Catalonia’s separatists weighed their options Sunday ahead of a week that will see Spain take the drastic step of sacking the region’s government as well as calling fresh elections to try and stop the country breaking up.
The Spanish government moved decisively Saturday to use a previously untapped constitutional power so it can take control of Catalonia and derail the independence movement led by separatist politicians in the prosperous industrial region.
In his second intervention in the secession crisis, Spain's King Felipe VI has said Catalonia “is and will remain” an essential part of the country. He told an awards ceremony in the northern city of Oviedo that the Catalan government was causing a rift and Spain would solve the problem through democratic institutions.
Spain is to hold a special Cabinet meeting at the weekend to activate measures to take control of Catalonia’s semi-autonomous powers after the region’s leader said he would formally declare independence if no talks were offered.
Spain’s deputy prime minister has said that Catalonia’s leader did not give an adequate response in his letter about the region’s independence and has until Thursday to comply with the country’s laws. Carles Puigdemont’s letter, issued two hours before a Monday deadline, did not clarify whether he in fact declared Catalonia’s independence from Spain. He called for talks with Spain’s government.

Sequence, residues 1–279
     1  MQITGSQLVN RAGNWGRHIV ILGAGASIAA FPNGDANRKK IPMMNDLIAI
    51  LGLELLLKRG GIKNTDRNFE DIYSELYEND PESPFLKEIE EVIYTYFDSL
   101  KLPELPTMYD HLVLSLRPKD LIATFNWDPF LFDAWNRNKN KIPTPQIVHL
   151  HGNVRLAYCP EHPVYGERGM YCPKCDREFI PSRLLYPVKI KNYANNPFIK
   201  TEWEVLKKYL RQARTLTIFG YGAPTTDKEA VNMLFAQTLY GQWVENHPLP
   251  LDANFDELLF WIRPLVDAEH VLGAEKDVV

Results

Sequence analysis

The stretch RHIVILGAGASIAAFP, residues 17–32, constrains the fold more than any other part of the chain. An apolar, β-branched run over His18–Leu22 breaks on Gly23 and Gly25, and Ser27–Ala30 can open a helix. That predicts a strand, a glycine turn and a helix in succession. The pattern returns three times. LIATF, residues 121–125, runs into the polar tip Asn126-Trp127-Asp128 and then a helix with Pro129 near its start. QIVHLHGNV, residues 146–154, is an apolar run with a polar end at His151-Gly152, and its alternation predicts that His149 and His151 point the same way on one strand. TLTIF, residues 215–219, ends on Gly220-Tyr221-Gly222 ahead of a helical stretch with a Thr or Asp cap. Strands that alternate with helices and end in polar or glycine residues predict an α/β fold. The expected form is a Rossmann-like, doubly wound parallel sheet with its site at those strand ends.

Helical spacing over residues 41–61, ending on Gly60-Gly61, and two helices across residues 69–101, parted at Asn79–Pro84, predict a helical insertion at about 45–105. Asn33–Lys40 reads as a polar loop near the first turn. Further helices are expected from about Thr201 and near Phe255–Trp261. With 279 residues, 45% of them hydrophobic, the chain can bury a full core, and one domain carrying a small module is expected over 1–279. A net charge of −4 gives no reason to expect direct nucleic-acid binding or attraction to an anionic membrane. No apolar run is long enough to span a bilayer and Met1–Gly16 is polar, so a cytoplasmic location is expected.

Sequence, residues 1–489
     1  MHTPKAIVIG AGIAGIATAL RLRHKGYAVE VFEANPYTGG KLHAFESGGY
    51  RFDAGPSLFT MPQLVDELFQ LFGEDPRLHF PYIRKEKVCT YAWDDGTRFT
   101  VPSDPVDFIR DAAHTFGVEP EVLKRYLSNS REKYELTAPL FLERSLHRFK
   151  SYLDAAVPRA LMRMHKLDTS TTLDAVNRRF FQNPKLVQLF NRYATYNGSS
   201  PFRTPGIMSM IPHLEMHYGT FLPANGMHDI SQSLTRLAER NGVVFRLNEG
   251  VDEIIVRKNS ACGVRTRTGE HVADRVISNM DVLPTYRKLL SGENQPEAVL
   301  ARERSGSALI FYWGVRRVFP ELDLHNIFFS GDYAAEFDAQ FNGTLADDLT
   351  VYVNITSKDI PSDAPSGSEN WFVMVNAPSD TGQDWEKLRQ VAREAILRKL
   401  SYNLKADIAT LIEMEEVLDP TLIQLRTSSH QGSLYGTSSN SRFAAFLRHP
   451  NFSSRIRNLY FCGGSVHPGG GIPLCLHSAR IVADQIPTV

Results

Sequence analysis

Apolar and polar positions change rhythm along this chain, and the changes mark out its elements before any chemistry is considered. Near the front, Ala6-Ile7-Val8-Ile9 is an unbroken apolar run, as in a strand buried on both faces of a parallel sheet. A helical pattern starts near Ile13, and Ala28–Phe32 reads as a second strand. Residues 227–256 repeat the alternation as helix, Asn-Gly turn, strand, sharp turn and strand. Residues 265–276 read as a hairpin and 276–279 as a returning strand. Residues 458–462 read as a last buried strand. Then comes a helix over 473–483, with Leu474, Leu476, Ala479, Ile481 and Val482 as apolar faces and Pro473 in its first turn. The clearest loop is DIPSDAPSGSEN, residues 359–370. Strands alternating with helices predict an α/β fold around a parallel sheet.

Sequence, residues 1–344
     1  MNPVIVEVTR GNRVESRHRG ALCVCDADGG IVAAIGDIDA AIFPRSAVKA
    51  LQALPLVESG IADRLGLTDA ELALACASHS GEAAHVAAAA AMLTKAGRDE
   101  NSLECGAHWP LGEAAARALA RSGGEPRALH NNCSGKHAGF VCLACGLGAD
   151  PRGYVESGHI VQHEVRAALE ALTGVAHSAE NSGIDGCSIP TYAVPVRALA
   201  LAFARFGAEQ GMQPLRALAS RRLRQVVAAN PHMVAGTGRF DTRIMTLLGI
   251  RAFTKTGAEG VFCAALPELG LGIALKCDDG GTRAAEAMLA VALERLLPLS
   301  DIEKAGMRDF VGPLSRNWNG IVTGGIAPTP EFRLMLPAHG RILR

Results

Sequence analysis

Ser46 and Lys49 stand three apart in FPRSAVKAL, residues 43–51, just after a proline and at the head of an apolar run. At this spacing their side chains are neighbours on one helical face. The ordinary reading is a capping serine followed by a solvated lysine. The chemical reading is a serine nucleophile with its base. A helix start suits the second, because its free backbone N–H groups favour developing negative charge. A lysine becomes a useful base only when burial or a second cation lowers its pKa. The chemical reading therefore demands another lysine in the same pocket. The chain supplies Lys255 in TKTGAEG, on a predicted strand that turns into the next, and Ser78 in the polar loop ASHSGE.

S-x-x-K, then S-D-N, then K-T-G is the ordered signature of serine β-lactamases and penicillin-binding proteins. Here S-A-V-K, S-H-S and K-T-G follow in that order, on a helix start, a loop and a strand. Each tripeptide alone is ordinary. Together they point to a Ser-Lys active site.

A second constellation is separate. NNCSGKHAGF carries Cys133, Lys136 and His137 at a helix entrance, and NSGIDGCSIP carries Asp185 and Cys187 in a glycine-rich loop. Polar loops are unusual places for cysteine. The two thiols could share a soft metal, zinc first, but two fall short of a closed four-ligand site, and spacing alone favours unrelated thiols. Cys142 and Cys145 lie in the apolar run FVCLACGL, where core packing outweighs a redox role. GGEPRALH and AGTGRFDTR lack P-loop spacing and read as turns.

Catalonia’s leader faced mounting pressure on Friday from all sides, with hardliners in the separatist movement demanding he declare independence from Spain once and for all. Spain’s government and the European Union, on the other hand, want him to abandon the secession plans altogether.
Spain is preparing to celebrate its National Day, 12th October, amid a continuing political crisis sparked by Catalonia's disputed independence referendum. The public display of unity comes a day after PM Mariano Rajoy told parliament the country was facing the most serious threat to its 40-year-old democracy.
Catalan President Carles Puigdemont is facing growing pressure to drop plans to break from Spain ahead of a key address to the regional parliament. There has been speculation that he could announce a unilateral declaration of independence following a disputed referendum. France and Germany have both expressed support for a united Spain.
Catalonia will declare independence from Spain in a matter of days, the leader of the autonomous region has told the BBC. In his first interview since Sunday's referendum, Carles Puigdemont said his government would “act at the end of this week or the beginning of next”.
Catalan leader Carles Puigdemont said on Sunday that the Spanish region has won the right to statehood following a contentious referendum that was marred by violence. He said the door had been opened to a unilateral declaration of independence. Catalan officials later said 90% of those who voted backed independence in Sunday's vote. The turnout was 42.3%.